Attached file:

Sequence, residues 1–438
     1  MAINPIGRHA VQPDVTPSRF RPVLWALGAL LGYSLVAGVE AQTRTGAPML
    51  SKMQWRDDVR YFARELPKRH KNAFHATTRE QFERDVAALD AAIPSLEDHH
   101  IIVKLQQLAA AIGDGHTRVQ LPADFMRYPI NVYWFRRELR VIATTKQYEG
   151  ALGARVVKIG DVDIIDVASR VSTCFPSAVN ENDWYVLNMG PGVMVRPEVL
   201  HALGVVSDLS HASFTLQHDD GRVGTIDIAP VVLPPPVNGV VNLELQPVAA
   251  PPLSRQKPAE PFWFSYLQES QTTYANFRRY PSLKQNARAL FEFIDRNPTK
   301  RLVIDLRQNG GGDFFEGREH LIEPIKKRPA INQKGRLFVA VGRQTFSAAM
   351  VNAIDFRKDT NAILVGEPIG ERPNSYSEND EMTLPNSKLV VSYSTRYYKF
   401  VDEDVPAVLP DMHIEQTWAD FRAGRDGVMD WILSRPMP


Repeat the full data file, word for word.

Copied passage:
Sequence, residues 1–438
     1  MAINPIGRHA VQPDVTPSRF RPVLWALGAL LGYSLVAGVE AQTRTGAPML
    51  SKMQWRDDVR YFARELPKRH KNAFHATTRE QFERDVAALD AAIPSLEDHH
   101  IIVKLQQLAA AIGDGHTRVQ LPADFMRYPI NVYWFRRELR VIATTKQYEG
   151  ALGARVVKIG DVDIIDVASR VSTCFPSAVN ENDWYVLNMG PGVMVRPEVL
   201  HALGVVSDLS HASFTLQHDD GRVGTIDIAP VVLPPPVNGV VNLELQPVAA
   251  PPLSRQKPAE PFWFSYLQES QTTYANFRRY PSLKQNARAL FEFIDRNPTK
   301  RLVIDLRQNG GGDFFEGREH LIEPIKKRPA INQKGRLFVA VGRQTFSAAM
   351  VNAIDFRKDT NAILVGEPIG ERPNSYSEND EMTLPNSKLV VSYSTRYYKF
   401  VDEDVPAVLP DMHIEQTWAD FRAGRDGVMD WILSRPMP